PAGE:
By now, the major results of the election have been plastered on every newspaper, blog, and Facebook page for two weeks: Donald Trump won, and Republicans kept both the House and the Senate.
Trump’s speech, uncharacteristically positive in tone, came around 3 a.m. EST on the morning of the Wednesday after Election Day, following what many called a “surreal” night.
“While the campaign is over, our work on this movement is really just beginning…” Trump said. But this was not a night to reinforce divisions; instead, he focused on the need to move forward and unify. Speaking about Hillary Clinton’s late-night phone call to congratulate him on his victory, he said, “She congratulated us – it’s about us … we must bind the wounds of our nation.”
Clinton, too, was hopeful in her concession speech.
“Donald Trump is going to be our president,” she told listeners. “We owe him an open mind and a chance to lead.”
Of course, the ballots included more names than just those of the presidential candidates. For voters in Haverford, Pennsylvania, it meant the election of Democrat Dwight Evans to the House of Representatives and re-election of Republican Sen. Pat Toomey.
On a national scale, several referenda deserve a mention. In California, Nevada, Maine, and Massachusetts, recreational marijuana was legalized. In Maine, a second referendum garnered attention: the allowance of ranked-choice voting, where voters rank the candidates rather than choosing a single favorite, in both state and federal elections.
After Trump’s unexpected victory, protests broke out across the nation. Citizens took to the streets in Washington, Portland, Manhattan and Los Angeles to protest Trump’s policies.
It is far from clear what that future will hold in terms of executive action. Trump announced that parts of Obamacare, which he originally planned to repeal altogether, will remain intact, and other promised actions may see major revisions as well.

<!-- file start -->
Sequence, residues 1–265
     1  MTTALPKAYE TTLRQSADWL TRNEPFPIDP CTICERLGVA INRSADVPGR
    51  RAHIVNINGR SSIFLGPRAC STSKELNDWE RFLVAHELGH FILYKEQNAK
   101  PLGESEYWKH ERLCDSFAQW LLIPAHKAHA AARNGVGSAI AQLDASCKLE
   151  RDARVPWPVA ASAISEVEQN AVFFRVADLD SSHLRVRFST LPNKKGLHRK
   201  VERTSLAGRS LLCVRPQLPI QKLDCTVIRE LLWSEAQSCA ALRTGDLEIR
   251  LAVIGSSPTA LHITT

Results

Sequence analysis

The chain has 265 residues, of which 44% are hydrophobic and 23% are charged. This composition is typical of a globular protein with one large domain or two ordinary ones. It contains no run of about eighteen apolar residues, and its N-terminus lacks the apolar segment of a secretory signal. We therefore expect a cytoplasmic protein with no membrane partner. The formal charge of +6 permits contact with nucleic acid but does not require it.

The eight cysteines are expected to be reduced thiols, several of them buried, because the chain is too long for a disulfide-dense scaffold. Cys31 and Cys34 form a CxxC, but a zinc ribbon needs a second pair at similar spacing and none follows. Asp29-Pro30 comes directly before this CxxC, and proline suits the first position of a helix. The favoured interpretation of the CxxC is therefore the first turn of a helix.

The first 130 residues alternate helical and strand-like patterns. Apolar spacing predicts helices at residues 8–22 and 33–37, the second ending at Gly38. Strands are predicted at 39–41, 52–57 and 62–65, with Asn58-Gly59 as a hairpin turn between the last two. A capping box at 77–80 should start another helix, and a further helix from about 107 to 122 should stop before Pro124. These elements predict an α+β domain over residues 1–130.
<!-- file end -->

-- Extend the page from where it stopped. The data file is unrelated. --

When I got up on Nov. 8, 2016, I was exhilarated. I carefully went through my clothes and chose a perfect outfit – slipping on a warm blue sweater, shrugging into a blue leather jacket, placing a blue necklace around my throat, sliding on blue origami earrings and, finally, placing my “Chappaqua for Hillary” hat on my head. I took a deep breath before leaving my room for my first class of the day.
This would be the first time I have voted, and doing so during such a historic election meant everything to me. As the memes put it, “This will either be our first female president or our last president.” As anyone who saw my hat might have guessed, I felt strongly about who should be the next president, and it was hard not to think that the world would essentially end if the other candidate won. And, I felt – or at least hoped – the majority of the country agreed with me.
I come from Chappaqua, New York, a town known for being mostly Jewish, having great public schools and being the home to the Clintons (with the nearby town of Mount Kisco being the home of Sandra Lee and Governor Andrew Cuomo). Chappaqua is not known for much else. Still, living in the same area as the Clintons has an effect on the town: it is extremely democratic. While it is not as liberal as Bryn Mawr, I still grew up with democrats comprising the majority of my classmates.
After my first class of the day, I nearly ran from Park to Pembroke Arch, my heart fluttering at the thought of finally having a say in what happens in this country – and even more of a say than I would if I had voted using an absentee ballot from one of the most democratic areas in New York. I waited in line for the shuttle graciously provided by Bryn Mawr College, internally squirming with impatience. When the shuttle finally pulled up at the church where people were voting, I barely spared a glance at the free hot chocolate and cookies being provided by NextGen Climate.
I tore inside and was greeted by two sides of the room – one with a sizable but not unmanageable line and the other with no line. You can guess which one I was told to join. I waited, again trying not to squirm, before noticing that Pennsylvania was voting on whether to make Supreme Court Judges retire at 75. With an internal sigh of relief, I started looking into what exactly that meant in order to take my mind off the line in front of me.
Finally, I reached the front of the line and, in short order, signed in, was directed to a voting booth and voted in my first election. I grinned as I exited the voting booth, receiving my “I’ve voted” sticker – which has now been placed on a flashcard with the date and my main vote on it for posterity. I returned to wait for the shuttle, grabbing a cookie from NextGen, and smiled as the butterflies in my stomach settled a little. Now, all I had to do was get through lunch, one class, and picking up some food from Acme for the BMC Democrats’ election watch party. Everything would be fine.